‘You’ll never walk…’:
Surgeons amputate football-mad Marine’s leg –
and cut off last word of his tattoo dedicated to Liverpool FC
You’ll never walk aloneは、
「( 希望が心にあれば ) 決して1人じゃない」
海軍兵 Andy Grant アンディ・グラントさんが
( いや、確かに、青がチームカラーだけど… )
Chelsea Football Club – Blue Is The Colour
Alone ( 1人では ) の部分が、無くなってしまったのです！
You’ll never walk alone
( もう2度と1人で歩かせない )
You’ll never walk
( もう2度と歩けない )
( 後で英訳するかもしれません )
・Andy Grant was a Royal Marine on patrol in Sangin in Afghanistan in 2009
・He accidentally stepped on an IED, shattering his leg and severing artery
・Father-of-three decided to have his leg amputated because of injuries
・After operation his surgeon told him his Liverpool FC tattoo was changed
・Flap of skin had to be moved so motto now reads ‘You’ll never walk’
・Mr Grant saw funny side and became inspired to train for running
・He won medals at Invictus Games and has almost broken amputee record
By CLAIRE CARTER FOR MAILONLINE
PUBLISHED: 13:20, 5 February 2015 | UPDATED: 19:43, 5 February 2015
For Royal Marine Andy Grant an operation to amputate part of his leg after he stepped on a bomb in Aghanistan had a surprising consequence.
The Liverpool fan from Plymouth in Devon woke up to be told by his doctor that while the operation to remove his leg below the knee had gone well, his tattoo in tribute to the football club had suffered.
Instead of reading ‘You’ll Never Walk Alone’, the father-of-three discovered it now had the word ‘Alone’ missing after a flap of his skin had to be moved.
Former Royal Marine Andy Grant had his leg amputated after he stood on an IED in Afghanistan and doctors had to move a flap of his skin to cover the bone, changing his Liverpool tattoo to read ‘You’ll Never Walk’
But rather than let the amputation hamper him, Mr Grant said he was inspired by the ‘You’ll Never Walk’ tattoo to become a medal-winning runner and plans to compete in the paralympic games. He also uses the anecdote in motivational speeches.
‘It is ironic that it says I will never walk as I have gone on to run 10k in 40 mins,’ said the 26-year-old.
‘At the moment I am just two minutes off a record for the 10k for a single leg amputee and I have that in my sights.
‘It is bizarre and I just laugh about it. But it adds to my story I guess.
‘The fact is that regardless of what the words says, the operation allowed me to walk and run and do so much else. You have got to see the funny side of it.’
As well as completing several runs Mr Grant won gold medals at the Invictus Games and has abseiled down the shard.
Mr Grant (right) recalls the conversation with his surgeon Commander Anthony Lambert (left) after the operation when he told the former Royal Marine that his tattoo had been changed following the amputation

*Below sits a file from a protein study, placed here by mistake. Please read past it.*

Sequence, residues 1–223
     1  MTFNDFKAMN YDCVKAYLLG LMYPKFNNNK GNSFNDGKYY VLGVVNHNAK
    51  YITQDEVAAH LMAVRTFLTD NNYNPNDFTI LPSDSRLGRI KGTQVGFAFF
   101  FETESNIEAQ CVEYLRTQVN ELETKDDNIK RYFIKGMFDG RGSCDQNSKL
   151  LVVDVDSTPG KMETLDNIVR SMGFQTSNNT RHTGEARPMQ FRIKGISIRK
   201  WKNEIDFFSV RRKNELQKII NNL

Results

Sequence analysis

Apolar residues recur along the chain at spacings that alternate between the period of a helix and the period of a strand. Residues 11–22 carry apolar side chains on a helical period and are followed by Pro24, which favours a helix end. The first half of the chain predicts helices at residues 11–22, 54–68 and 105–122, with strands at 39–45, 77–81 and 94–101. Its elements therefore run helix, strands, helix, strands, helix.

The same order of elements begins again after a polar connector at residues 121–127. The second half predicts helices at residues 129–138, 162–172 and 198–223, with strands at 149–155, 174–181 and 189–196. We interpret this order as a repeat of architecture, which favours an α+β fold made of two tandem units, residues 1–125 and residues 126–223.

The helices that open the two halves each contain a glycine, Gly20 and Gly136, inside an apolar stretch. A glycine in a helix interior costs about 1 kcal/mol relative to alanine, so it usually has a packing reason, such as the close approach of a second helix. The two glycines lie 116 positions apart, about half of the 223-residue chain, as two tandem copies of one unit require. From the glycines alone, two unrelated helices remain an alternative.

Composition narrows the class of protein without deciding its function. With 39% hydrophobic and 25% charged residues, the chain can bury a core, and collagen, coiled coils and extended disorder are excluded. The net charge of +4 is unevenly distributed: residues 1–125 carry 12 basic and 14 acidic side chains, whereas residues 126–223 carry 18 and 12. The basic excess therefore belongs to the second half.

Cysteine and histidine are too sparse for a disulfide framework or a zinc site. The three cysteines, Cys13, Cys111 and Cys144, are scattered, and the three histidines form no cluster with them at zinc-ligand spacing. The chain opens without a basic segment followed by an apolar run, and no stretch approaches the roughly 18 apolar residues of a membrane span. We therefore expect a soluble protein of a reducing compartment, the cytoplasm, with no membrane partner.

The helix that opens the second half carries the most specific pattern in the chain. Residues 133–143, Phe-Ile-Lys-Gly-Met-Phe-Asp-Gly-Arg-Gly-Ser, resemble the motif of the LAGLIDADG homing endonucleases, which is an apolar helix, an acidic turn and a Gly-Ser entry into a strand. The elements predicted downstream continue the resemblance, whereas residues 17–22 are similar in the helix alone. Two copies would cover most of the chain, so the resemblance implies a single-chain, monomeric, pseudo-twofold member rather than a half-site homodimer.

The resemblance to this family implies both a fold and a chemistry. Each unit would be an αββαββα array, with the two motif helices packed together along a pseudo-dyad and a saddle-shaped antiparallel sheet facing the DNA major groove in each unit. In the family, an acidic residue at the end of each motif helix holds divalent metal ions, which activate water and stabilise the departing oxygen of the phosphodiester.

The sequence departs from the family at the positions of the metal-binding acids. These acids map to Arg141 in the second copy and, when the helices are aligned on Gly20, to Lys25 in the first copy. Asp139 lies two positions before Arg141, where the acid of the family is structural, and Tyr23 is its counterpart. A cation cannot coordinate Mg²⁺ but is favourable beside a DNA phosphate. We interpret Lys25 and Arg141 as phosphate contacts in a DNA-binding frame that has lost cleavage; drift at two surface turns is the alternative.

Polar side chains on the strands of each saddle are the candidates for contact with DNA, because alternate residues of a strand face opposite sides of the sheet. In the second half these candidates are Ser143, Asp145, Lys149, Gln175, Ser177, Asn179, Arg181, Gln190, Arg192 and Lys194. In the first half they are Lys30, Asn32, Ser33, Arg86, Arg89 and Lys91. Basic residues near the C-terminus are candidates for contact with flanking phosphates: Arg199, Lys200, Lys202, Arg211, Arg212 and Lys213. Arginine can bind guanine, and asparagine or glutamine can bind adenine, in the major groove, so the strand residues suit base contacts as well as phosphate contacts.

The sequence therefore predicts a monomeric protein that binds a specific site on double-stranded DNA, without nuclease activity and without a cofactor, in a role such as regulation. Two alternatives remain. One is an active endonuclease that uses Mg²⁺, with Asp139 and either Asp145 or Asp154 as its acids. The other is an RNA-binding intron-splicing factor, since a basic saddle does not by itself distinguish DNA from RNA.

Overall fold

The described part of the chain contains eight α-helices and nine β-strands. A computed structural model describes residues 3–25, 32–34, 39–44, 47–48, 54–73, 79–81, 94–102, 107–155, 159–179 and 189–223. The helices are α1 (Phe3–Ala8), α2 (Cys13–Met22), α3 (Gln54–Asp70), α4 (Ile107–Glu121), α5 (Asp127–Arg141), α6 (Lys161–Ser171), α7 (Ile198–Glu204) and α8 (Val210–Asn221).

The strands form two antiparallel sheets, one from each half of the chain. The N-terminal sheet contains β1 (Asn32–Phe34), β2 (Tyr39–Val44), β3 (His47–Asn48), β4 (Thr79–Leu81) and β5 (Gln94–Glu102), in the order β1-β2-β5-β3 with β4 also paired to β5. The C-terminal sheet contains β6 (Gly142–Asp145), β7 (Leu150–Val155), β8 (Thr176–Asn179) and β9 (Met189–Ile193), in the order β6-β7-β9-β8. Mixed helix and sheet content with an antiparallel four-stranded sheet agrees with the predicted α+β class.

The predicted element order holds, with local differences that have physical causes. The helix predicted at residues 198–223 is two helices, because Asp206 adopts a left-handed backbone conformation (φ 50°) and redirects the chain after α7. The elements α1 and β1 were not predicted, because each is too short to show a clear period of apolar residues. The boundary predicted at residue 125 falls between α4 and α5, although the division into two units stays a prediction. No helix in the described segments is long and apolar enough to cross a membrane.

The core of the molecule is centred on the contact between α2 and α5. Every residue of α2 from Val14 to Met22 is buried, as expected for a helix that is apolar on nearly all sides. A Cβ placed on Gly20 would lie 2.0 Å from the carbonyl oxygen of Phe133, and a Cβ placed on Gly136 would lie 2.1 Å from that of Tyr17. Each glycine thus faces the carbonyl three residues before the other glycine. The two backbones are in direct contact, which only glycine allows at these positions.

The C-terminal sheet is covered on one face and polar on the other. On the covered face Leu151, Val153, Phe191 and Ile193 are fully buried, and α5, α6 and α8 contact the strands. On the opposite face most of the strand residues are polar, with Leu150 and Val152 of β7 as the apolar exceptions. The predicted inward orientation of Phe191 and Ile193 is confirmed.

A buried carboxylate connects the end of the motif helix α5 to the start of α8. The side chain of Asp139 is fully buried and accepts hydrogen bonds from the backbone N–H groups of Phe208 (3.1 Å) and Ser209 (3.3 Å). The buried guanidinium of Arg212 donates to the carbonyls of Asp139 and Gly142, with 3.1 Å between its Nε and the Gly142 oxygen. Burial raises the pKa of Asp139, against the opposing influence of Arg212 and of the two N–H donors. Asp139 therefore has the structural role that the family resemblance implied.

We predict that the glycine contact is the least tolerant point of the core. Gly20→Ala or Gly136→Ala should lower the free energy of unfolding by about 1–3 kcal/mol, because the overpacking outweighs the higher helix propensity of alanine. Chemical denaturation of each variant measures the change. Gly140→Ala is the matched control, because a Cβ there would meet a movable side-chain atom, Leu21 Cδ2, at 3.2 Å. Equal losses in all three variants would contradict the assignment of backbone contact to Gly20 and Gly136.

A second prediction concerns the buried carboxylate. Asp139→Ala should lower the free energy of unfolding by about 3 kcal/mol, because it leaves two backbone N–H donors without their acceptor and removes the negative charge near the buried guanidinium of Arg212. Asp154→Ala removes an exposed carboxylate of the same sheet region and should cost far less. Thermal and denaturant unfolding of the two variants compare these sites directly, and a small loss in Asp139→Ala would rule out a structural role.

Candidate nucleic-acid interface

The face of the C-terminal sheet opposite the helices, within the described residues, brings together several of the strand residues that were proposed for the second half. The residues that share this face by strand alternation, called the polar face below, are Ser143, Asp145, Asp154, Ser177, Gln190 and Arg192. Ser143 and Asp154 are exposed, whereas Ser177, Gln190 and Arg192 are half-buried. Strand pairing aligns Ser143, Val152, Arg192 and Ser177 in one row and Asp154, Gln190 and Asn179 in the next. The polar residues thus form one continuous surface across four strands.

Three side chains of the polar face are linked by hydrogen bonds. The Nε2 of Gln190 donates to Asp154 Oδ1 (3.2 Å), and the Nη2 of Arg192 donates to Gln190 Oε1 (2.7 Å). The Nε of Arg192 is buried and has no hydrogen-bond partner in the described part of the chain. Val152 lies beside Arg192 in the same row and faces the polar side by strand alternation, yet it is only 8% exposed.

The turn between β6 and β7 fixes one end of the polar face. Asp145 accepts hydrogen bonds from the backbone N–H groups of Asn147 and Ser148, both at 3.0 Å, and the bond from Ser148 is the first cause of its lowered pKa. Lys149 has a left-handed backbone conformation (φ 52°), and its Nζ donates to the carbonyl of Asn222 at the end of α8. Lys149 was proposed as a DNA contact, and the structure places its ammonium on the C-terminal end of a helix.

The tattoo, originally reading ‘You’ll Never Walk Alone’ now reads ‘You’ll Never Walk’, which the father of three said he finds funny and has used to inspire him to try and complete record-breaking runs
Mr Grant had the operation four years ago and endured vigorous rehabilitation sessions for 18 months.
In 2009 he was serving with 45 Commando when he accidentally stepped on an IED. This severed his femoral artery and took out a ‘big chunk’ of his thigh.
He broke both the fibula and tibia in his right leg and lost 6cm of bone.
But two years after he decided to have his right leg amputated after watching comrades with similar injuries enjoying activities with their prosthetic legs.
He can still recall the conversation he had with surgeon Anthony Lambert when he woke up.
The blast severed Mr Grant’s femoral artery, took out a section of his thigh and broke bones in his lower leg
Mr Lambert told him: ‘Well, we had to raise a flap of skin on your leg to cover the bone ends… and it’s meant that your Liverpool Football Club tattoos are a bit messed up.
‘The Liver bird is a bit all over the place, and your tattoo now says “you’ll never walk.”‘
The date of his blast, February 3, and the date of his amputation, November 25, are both anniversaries that Andy marks.
He said: ‘I am very proud of my achievements and like to turn my story around to try and inspire other people about what they can achieve in the face of adversity.
‘I am all about looking forward. I cannot undo what happened and I have no regrets. I am all about making the best of a bad situation.’
Mr Lambert now works as an inspirational speaker, going to events around the world. He has also determined to keep up his fitness.
He added: ‘I have three children and an amazing family, I’m looking to row across the Atlantic, and I’m hoping to be picked for the Paralympics next year.
‘My life has moved on in an amazing way and it’s all down to what happened.
‘It’s given me more of a life than I probably would have had.’